Already beaten up, emerging markets stocks and exchange traded funds were punished Tuesday after the People’s Bank of China decided to devalue the yuan. The sudden shift in its currency policy suggests that Chinese officials are seeking a way to stimulate growth after a series of monetary and fiscal policies failed to significantly bolster the economy.
Additionally, the PBoC’s move may also signal a start to the country’s move toward reforms – many have criticized China’s currency policy, arguing that the central bank has artificially strengthened the yuan. Consequently, with the devaluation, the yuan may be more closely aligned with market actions. [Violent Turn for the Yuan]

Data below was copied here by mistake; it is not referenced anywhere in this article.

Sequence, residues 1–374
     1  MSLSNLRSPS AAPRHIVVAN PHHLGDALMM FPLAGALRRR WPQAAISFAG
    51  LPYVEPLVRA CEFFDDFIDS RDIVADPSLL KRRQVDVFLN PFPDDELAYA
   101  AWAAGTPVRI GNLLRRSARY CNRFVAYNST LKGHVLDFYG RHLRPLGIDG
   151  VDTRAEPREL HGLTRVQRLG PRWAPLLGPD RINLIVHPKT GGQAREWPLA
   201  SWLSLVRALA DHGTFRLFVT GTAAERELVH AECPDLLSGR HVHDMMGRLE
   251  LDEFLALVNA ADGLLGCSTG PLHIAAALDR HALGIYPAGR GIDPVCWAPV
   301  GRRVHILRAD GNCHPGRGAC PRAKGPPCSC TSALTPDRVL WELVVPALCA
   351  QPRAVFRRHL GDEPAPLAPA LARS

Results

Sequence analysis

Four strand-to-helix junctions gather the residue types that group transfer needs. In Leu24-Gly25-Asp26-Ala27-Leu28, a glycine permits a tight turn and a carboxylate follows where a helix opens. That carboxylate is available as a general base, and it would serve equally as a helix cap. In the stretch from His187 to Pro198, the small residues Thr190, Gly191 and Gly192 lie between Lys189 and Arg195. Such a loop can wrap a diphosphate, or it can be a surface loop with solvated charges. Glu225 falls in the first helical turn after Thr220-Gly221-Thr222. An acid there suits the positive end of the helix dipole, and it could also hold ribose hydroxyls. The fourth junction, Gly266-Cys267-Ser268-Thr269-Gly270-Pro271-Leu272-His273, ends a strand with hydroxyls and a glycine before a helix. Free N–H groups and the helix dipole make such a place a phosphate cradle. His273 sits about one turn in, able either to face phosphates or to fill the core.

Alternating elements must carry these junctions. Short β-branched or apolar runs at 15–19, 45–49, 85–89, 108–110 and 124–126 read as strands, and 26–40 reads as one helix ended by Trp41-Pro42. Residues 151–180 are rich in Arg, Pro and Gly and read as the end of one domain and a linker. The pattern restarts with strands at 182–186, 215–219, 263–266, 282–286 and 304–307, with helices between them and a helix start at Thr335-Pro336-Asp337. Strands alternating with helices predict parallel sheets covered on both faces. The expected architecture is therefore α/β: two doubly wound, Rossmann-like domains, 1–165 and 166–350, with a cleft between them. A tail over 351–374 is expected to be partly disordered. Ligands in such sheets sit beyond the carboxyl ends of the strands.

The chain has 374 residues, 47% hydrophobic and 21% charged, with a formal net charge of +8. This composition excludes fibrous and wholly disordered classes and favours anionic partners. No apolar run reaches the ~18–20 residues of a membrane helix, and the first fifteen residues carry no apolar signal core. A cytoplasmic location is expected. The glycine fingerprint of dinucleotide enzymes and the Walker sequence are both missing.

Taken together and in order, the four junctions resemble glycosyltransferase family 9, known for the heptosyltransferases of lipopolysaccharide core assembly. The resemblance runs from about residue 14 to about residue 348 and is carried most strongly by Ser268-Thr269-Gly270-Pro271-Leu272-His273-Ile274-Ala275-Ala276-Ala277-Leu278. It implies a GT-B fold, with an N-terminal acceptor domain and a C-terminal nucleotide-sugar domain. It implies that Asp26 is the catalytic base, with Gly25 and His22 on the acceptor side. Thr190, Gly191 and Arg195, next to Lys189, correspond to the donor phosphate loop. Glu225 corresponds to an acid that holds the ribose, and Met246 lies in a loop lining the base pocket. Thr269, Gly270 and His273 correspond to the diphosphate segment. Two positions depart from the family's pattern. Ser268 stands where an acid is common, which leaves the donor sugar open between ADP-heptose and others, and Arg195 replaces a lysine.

The subsequent spike in volatility caused by China’s newly loose monetary policy is elevating the cost of protective bearish hedges on marquee emerging markets indexes.
“The Chicago Board Options Exchange Emerging Markets ETF Volatility Index, which tracks hedging costs on the iShares MSCI Emerging Markets fund, jumped to the highest level in 18 months versus a similar gauge for the Standard & Poor’s 500 Index,” report Callie Bost and Aleksandra Gjorgievska for Bloomberg.
The MSCI Emerging Markets Index is the underlying benchmark for the iShares MSCI Emerging Markets ETF (NYSEArca: EEM), the second-largest emerging markets ETF by assets. The Vanguard FTSE Emerging Markets ETF (NYSEArca: VWO), which tracks a FTSE index, is the largest emerging markets ETF.
EEM is down nearly 10% this year. China is the ETF’s largest country allocation at 24.2%, or more than 1,000 basis points more than the fund allocates to South Korea.